that one party must
prevail as a matter of law. See Anderson, 477 U.S. at 250-52. If there is
sufficient evidence to reasonably expect that a jury could return a
verdict in favor of plaintiff, that is enough to thwart imposition of
summary judgment. See id. at 248-51.
A. Plaintiff's ADEA Claim
Count I of Plaintiff's Complaint alleges Defendant violated the ADEA.
See Pl.['s] Compl., ¶ 23-25. In McDonnell Douglas Corp. v. Green,
the United States Supreme Court created a special scheme for structuring
the presentation of evidence in discriminatory treatment cases under
Title VII of the Civil Rights Act of 1964, 42 U.S.C. § 2000e-1 et
seq. 411 U.S. 792 (1973). The Third Circuit has applied a slightly
modified version of this scheme in ADEA cases. See, e.g., Keller v. Orix
Credit Alliance, Inc., 130 F.3d 1101, 1108-113 (3d Cir. 1997); Waldron
v. SL Industries Inc., 56 F.3d 491, 494-95 (3d Cir. 1995); Sempier v.
Johnson & Higgins, 45 F.3d 724, 728 (3d Cir. 1995); Torre v. Casio,
Inc., 42 F.3d 825, 829-30 (3d Cir. 1994); Healy v. New York Life Ins.
Co., 860 F.2d 1209, 1214 (3d Cir. 1988).
The McDonnell Douglas scheme has three steps. First, the plaintiff must
produce evidence that is sufficient to convince a reasonable factfinder to
find all of the elements of a prima facie case. See St. Mary's Honor
Center v. Hicks, 509 U.S. 502, 506, (1993). When the plaintiff alleges
unlawful discharge based on age, the prima facie case requires proof that
(i) the plaintiff was a member of the protected class, i.e., was 40 years
of age or older (see 29 U.S.C. § 631(a)), (ii) that the plaintiff was
discharged, (iii) that the plaintiff was qualified for the job, and (iv)
that the plaintiff was replaced by a sufficiently younger person to
create an inference of age discrimination. See Sempier, 45 F.3d at 728.
If the plaintiff offers sufficient proof of these elements, step two is
reached. The burden of production, but not the burden of persuasion,
shifts to the defendant, who must then offer evidence that is
sufficient, if believed, to support a finding that it had a legitimate,
nondiscriminatory reason for the discharge. Hicks, 509 U.S. at 506-07. If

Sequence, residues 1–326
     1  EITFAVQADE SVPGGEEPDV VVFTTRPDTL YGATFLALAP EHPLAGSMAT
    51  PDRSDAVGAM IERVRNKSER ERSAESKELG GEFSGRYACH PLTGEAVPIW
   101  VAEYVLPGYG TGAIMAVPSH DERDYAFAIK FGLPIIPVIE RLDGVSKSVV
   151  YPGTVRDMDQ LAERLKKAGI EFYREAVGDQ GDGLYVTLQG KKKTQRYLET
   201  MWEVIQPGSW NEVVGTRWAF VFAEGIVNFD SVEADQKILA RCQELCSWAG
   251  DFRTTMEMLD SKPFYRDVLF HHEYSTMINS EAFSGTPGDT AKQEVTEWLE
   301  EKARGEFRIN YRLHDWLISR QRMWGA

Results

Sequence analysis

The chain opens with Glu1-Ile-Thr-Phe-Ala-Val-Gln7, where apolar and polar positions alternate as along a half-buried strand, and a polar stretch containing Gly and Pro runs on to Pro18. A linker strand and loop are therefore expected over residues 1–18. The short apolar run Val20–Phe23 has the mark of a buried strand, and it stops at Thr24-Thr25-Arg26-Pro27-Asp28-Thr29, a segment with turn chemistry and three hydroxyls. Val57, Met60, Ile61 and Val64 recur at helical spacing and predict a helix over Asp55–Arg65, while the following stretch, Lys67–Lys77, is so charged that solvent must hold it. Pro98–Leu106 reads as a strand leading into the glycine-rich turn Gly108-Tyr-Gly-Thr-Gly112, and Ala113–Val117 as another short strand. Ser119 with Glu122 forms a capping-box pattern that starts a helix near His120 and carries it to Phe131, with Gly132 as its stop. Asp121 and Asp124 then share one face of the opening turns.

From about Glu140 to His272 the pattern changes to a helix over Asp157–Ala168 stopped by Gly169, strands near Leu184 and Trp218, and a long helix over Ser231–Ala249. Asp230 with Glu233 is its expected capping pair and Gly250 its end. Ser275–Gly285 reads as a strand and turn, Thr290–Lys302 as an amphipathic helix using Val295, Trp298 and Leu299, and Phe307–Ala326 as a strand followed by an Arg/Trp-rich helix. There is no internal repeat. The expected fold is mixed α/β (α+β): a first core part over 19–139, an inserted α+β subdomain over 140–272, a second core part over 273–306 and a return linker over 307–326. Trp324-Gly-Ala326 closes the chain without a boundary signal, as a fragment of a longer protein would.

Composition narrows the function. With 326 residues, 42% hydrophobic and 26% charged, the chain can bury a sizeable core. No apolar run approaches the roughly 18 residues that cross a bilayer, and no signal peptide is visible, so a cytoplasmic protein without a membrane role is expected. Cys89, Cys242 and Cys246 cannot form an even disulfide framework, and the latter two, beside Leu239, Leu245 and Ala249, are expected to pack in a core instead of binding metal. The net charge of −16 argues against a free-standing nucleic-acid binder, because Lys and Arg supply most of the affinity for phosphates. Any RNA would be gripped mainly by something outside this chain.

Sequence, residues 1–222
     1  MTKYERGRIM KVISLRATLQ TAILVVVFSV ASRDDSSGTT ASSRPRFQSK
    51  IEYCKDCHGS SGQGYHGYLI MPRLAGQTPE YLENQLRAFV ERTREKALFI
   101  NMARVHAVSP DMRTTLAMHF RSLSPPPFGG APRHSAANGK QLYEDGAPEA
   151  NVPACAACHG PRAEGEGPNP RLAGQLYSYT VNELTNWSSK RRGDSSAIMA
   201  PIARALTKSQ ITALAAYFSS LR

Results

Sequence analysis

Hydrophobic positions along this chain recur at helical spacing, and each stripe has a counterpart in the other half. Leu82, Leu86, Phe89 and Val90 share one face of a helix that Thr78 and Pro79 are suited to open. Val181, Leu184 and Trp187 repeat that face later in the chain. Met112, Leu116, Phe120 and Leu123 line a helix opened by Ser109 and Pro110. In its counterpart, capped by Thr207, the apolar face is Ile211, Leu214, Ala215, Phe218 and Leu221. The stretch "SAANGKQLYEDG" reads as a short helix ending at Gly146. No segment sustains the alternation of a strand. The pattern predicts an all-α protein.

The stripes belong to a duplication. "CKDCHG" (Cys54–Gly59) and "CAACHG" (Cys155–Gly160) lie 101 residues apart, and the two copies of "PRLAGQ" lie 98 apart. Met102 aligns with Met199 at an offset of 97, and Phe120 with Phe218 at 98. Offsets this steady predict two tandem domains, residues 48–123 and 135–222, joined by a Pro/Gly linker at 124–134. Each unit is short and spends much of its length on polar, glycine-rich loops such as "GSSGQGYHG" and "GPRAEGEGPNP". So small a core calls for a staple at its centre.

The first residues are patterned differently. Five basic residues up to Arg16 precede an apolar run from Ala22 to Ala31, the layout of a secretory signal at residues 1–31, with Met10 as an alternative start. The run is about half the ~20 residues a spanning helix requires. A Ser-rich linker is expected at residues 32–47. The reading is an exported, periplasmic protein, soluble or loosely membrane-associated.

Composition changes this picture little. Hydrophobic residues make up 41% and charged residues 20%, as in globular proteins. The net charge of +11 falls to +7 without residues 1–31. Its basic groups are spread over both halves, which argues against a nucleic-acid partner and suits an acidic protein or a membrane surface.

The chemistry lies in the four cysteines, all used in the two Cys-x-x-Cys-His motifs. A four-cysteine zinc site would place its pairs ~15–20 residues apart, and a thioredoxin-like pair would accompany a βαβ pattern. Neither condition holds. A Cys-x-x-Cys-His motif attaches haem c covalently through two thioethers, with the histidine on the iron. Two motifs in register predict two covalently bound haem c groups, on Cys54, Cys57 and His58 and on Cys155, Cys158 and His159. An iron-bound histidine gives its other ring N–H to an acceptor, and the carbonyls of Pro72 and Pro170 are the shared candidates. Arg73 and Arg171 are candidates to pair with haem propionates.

the defendant cannot satisfy this burden, judgment must be entered for
the plaintiff. Id. at 509.
On the other hand, if the defendant employer meets this burden, the
presumption of discrimination arising from the prima facie case "simply
drops out of the picture." Hicks, 509 U.S. 502, 511 (1993). "`At the
summary judgment stage, it then becomes the plaintiff's burden to show
that there is a genuine dispute of material fact as to whether the
employer's proffered reason for the challenged action is pretextual
— i.e. unworthy of belief.'" Marx v. Schnuck Markets, Inc.,
76 F.3d 324, 327 (10th Cir. 1996).
The court must determine whether the evidence, interpreted in the light
most favorable to the plaintiff, "could persuade a reasonable jury that
the employer had discriminated against the plaintiff." Jones v. Unisys
Corp., 54 F.3d 624, 632 (10th Cir. 1995). "If no facts relating to the
pretextuality of the defendant's action remain in dispute, summary
judgment is appropriate." Id. The plaintiff at all times bears the
"ultimate burden of persuasion." See St. Mary's Honor Center, 509 U.S. at
The plaintiff may then survive summary judgment law by submitting
sufficient evidence from which a factfinder could reasonably either (1)
employer's articulated legitimate reasons; or (2) believe
that an invidious discriminatory reason was more likely than not a
motivating or determinative cause of the employers action. Fuentes v.
Perskie, 32 F.3d 759, 763 (3d Cir. 1994); see also Palmisano v.
Electrolux, LLC, Civ.A. 99-426, 2000 WL 1100785, *5 (E.D.Pa. Aug 7,
In this Motion, the Court finds it unnecessary to consider step one of
the McDonnell Douglas scheme because for the purposes of this Motion,
Defendant does not dispute that Plaintiff has met her prima facie case.